As explained in the section in the introduction to fertility (which we strongly recommend reading), not only does the number of eggs retrieved in women drops with age, but also the quality. When people talk about a drop in the quality, they mean a drop in the ration of good to bad eggs. It doesn’t mean that all eggs get worse. In other words, it means is that for me to find a good egg, I will need to gather a greater quantity of them.
When doctors talk about a bad egg, what they mean is that it is ANEUPLOID. Aneuploidy is a term that makes reference to an abnormal number of chromosomes.
With age, in females, the risk of an egg having more or maybe less than 23 chromosomes increases. If this egg, with an abnormal number of chromosomes, is fertilised by a sperm with 23, the end product (the embryo) is not going to have the correct genetic information (either too much or too little).
Thankfully the majority of embryos with an abnormal number of chromosomes does not implant (this is why infertility increases with maternal age), the few that do will miscarry (for this reason miscarriage also increases with maternal age), and the vast minority might develop into a baby with problems (Down’s syndrome, Patau, Edward’s, also increase with maternal age)
In this graph we can see how the percentage of bad embryos (called ANEUPLOID in medical terms) formed from eggs at different female ages, increases with age.
Sadly, not only does the ratio of good to bad eggs declines after certain ages, the number of eggs we get from stimulating the ovaries also declines.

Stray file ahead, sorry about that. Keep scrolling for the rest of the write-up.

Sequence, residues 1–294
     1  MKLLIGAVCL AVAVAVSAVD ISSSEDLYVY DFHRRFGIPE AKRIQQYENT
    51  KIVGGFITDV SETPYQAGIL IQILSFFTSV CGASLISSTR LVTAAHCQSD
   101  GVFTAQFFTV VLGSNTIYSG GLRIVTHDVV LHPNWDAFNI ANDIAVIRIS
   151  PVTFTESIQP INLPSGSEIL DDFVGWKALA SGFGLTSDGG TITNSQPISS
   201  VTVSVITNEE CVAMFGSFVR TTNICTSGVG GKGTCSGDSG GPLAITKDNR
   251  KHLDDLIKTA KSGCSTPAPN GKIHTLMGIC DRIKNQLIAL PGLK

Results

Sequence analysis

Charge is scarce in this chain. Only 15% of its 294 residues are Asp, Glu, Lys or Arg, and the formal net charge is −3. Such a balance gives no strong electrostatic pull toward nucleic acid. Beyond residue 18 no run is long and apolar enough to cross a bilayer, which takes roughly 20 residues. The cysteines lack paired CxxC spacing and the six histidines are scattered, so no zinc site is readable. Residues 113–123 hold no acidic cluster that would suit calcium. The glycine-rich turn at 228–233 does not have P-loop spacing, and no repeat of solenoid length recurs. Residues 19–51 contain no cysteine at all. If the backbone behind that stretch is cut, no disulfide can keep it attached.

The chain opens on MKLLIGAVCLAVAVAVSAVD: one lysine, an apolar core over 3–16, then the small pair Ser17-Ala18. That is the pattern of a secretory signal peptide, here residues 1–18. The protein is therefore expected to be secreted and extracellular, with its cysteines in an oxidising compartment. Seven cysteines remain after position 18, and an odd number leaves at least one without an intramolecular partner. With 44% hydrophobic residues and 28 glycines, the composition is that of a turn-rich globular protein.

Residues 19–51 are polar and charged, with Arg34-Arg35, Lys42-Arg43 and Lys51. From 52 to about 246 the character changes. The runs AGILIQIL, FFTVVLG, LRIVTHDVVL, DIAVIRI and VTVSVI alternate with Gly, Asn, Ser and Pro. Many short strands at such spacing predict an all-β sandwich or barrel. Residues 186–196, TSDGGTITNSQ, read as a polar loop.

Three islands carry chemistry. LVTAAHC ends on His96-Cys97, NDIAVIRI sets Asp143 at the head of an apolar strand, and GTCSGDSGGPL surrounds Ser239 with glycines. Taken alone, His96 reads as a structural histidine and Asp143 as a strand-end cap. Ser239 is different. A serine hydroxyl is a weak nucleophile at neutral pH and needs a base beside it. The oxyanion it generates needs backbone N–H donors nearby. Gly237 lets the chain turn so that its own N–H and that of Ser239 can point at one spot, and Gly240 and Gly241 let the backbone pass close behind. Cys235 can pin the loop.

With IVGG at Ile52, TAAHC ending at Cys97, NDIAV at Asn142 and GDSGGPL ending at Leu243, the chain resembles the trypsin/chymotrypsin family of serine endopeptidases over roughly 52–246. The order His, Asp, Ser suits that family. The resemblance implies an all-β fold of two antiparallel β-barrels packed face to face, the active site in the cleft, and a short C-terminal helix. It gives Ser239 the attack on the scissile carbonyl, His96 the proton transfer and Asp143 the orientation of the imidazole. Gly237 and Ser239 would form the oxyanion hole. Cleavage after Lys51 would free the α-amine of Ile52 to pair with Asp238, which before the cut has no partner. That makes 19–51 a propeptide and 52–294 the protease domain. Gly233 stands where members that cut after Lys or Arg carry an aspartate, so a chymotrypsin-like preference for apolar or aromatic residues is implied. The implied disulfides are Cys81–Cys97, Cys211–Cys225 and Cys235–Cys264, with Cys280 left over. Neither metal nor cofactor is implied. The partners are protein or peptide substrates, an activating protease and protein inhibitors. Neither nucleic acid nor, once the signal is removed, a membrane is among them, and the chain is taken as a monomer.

So, as women’s age increases, we get less good eggs in proportion and also get less eggs in number. This in turn makes it harder to produce a normal embryo, and this is the explanation why IVF success decreases with age.
In these patients egg donation is their only option. The idea of egg donation is to get eggs from a girl younger than 35 y.o.a. At that age, a much greater proportion of eggs has the correct number of chromosomes (bookshelves). And this is why egg donation success rates remain steady, no matter the age of the woman receiving these eggs.
This graph shows how IVF success rates decrease with maternal age while the ones with egg donation remain constant.
Egg donation will always be considered the last resort, the plan “B”, but with a 50-60% percent chance of giving a couple a healthy child, it is a great plan “B” to have!
But what does it mean to use the eggs from another person? I like to compare egg donation to the use of a mold or template to produce a face mask. If I had to make 10 face-masks that were identical, I would probably carve the face in a wooden block that I would then fill with clay. Once the clay dries, I would remove it from the block of wood and that would be my face mask. This is exactly what egg donation is! We would use the donor’s genes (a donor chosen by the couple, a donor that looks very similar to the future mother, a donor that has gone through a very thorough screening process, a donor that has had kids of her own previously, a donor that we thank deeply for helping other couples achieve their dreams) and the male partner’s genes to produce that template. 100% of what will produce the face mask (100% percent of the baby) comes from the mother, not from the donor. Every single cell, protein, down to the last little hair comes from the mother’s body.
Thousands of women are opting more and more for egg donation. As this study showed, the increase in treatment with egg donation has drastically increased over the past years. This is a reflection, not only of an increase in our age when trying to conceive, but also an acceptance, a change in cultural opinion about egg donation.